More than 60 people were wounded.
One missile struck a bus taking children back from a summer school picnic.
Television pictures from a hospital showed blood-covered youngsters who seemed too stunned to even cry. Others writhed on the floor, waiting for help.
"Grotesque, shameful, indignant," Norwegian Refugee Council head Jan Egeland tweeted. "Blatant disregard for rules of war when a bus carrying innocent schoolchildren is fair game for attack."
Save the Children said it "condemns this horrific attack and is calling for a full, immediate, and independent investigation into this and other recent attacks on civilians and civilian infrastructure."
Doctors Without Borders decried that "civilians continue to pay the highest price" in Yemen, while the regional director of the U.N. Children's Fund asked, "Does the world really need more innocent children's lives to stop the cruel war on children in Yemen?"
The United States backs the Saudi-led coalition targeting Iranian-supported Houthi rebels in Yemen.
"We trust when they say that they will investigate. We closely coordinate with them," State Department spokeswoman Heather Nauert said.
Response to Houthi strike
Thursday's airstrike was carried out against a rebel-held area in Saada province, near the Saudi border. Missiles struck a market.
Wounded children, bloodied, bandaged and screaming, laid on stretchers as doctors treated them, friends and relatives having carried them in their arms to be treated.
The International Committee of the Red Cross said on Twitter that its team at an ICRC-supported hospital in Saada received the bodies of 29 children, all under 15 years old.
It also received 48 wounded people, including 30 children, it said.
A spokesman for the Red Cross in Sanaa told AFP the toll was not final as casualties from the attack were taken to several hospitals.
The attack took place in the Dahyan market in Saada province, a Houthi stronghold.
The province lies along the border with Saudi Arabia.
The bus was ferrying children coming from summer school, according to the Saada health department and Yemeni tribal leaders.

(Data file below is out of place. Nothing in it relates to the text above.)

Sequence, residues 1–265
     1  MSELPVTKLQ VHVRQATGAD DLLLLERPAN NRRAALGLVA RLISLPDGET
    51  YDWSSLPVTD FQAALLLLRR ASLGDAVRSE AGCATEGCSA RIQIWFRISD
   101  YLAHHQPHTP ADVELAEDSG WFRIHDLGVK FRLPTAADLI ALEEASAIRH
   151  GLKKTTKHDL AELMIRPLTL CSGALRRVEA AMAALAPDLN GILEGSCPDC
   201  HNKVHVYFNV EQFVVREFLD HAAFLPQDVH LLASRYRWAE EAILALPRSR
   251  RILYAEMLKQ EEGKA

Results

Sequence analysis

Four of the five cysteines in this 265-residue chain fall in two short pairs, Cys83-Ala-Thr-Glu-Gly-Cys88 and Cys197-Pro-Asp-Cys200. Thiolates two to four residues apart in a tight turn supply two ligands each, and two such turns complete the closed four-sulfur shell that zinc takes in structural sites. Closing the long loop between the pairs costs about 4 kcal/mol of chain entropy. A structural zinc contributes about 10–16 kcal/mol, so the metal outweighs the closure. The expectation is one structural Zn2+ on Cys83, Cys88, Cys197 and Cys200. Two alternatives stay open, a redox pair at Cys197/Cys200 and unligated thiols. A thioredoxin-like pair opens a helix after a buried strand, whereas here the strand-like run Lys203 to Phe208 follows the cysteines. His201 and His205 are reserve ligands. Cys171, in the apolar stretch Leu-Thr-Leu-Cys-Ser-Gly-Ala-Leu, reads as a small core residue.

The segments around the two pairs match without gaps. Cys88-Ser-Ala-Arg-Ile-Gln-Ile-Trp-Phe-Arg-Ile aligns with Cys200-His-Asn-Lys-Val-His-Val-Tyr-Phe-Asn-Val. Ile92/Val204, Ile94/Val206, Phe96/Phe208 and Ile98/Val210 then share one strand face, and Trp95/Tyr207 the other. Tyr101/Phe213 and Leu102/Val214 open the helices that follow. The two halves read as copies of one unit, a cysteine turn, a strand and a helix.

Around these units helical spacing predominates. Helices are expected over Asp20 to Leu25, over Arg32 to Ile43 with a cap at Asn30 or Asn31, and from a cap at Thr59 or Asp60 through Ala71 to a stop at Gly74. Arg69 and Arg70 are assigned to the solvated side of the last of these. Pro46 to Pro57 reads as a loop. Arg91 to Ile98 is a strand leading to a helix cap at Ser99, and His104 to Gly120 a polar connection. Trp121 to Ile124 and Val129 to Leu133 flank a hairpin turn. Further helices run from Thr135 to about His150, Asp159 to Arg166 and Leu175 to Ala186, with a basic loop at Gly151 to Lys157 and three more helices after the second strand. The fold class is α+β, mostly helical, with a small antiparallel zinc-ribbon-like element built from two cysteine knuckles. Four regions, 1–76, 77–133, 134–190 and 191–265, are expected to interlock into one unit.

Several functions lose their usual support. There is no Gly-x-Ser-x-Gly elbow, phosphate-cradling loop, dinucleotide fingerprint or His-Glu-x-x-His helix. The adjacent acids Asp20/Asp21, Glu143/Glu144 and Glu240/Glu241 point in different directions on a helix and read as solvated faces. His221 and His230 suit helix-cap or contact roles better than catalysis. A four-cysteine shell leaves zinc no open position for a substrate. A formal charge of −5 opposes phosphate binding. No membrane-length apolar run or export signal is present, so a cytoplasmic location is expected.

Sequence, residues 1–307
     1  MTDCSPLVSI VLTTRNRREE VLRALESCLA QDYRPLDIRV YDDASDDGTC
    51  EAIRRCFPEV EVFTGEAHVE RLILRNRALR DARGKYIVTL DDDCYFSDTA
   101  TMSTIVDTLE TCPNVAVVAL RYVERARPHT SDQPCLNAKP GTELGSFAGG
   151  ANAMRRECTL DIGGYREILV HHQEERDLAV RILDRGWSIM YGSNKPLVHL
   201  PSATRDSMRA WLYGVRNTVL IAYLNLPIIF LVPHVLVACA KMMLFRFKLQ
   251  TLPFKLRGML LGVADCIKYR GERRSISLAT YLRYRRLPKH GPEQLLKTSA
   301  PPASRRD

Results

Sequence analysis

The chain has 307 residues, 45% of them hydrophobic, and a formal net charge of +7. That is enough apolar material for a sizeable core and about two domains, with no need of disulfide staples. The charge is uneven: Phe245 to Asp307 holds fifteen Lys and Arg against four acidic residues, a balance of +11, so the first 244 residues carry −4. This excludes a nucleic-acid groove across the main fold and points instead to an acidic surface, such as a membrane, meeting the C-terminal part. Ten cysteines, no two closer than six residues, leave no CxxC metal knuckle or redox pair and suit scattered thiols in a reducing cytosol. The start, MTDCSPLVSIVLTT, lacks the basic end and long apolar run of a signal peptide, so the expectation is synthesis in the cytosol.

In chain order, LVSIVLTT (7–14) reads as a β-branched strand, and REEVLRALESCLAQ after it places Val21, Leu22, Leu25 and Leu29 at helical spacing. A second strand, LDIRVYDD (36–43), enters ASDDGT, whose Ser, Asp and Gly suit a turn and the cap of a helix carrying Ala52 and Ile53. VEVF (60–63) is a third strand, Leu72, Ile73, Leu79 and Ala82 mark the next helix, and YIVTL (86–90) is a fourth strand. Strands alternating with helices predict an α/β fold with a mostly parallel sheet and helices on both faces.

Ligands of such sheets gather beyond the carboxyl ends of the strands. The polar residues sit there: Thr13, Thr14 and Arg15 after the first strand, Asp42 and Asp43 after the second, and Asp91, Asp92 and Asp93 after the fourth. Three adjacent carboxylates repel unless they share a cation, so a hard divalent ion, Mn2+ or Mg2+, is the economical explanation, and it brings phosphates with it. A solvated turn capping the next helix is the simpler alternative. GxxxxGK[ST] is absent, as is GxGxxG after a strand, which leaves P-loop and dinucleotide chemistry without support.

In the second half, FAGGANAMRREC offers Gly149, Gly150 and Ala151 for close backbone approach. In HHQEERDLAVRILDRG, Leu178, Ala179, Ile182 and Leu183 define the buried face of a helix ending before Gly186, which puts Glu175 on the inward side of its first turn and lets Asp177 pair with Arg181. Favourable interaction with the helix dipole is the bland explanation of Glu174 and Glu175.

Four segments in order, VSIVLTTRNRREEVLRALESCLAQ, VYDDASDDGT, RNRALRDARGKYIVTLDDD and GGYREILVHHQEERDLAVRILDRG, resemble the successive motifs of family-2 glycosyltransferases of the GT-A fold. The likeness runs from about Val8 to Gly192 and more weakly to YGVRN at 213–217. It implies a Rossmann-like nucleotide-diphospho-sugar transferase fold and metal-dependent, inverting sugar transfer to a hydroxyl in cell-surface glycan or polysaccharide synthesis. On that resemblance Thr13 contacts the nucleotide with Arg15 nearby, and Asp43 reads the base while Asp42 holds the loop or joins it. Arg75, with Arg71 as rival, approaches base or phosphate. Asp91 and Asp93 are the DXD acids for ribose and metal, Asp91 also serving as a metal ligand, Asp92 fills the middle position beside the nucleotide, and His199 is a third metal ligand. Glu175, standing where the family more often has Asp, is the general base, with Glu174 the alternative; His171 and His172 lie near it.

"Our shops were open and shoppers were walking around as usual. All of those who died were residents, children and shop owners," witness Moussa Abdullah, who was being treated in hospital for wounds, told Reuters.
Saudi's called Thursday's airstrike "a legitimate military operation ... carried out in accordance with international humanitarian law."
Last week, attacks on a hospital and a fish market in the strategic rebel-held port city of Hudaida killed at least 55 civilians and wounded 170, according to the ICRC.
According to the UNICEF, since conflict escalated in 2015, about 2,500 children have been killed and 3,600 maimed in Yemen.
Popular forces seized the Yemeni capital of Sanaa during 2014 uprising, sending the Western-supported government into exile in Saudi Arabia.
The Saudi-led coalition, backed by United States began its air and ground campaign to retake Sanaa from rebels aligned to Iran more than three years ago. Its airstikes have obliterated civilian neighborhoods, including schools and hospitals, and compounded the misery of what is one of the world's worst humanitarian disasters.
Many Yemenis are near starvation. There are also severe shortages of fresh water and medicine. A cholera epidemic has killed thousands over the last two years. Johannes Bruwer, head of delegation for the ICRC in Yemen, also said in a tweet that most of the victims were under the age of 10.
Elsewhere, Saudi fighter jets pounded Zabid District in Yemen's western province of Hudaydah, killing two civilians and injuring one child.
Saudi Arabia and some of its allies, particularly the United Arab Emirates, launched a brutal war, code-named Operation Decisive Storm, against Yemen in March 2015 in an attempt to reinstall former Yemeni President Abd Rabbuh Mansur Hadi, a staunch ally of Riyadh, and crush the popular Ansarullah movement.
The offensive initially consisted of a bombing campaign, but was later coupled with a naval blockade and the deployment of ground forces into Yemen.
Thousands of Yemeni children in the city of Hudaydah are at risk of death, disease and starvation due to Saudi Arabia's ongoing military aggression, rights groups warn.
The imposed war has so far failed to achieve its goal, thanks to firm resistance mounted by Yemeni troops and Houthi fighters, but has unleashed the world's worst humanitarian crisis in the poorest Arabian Peninsula state.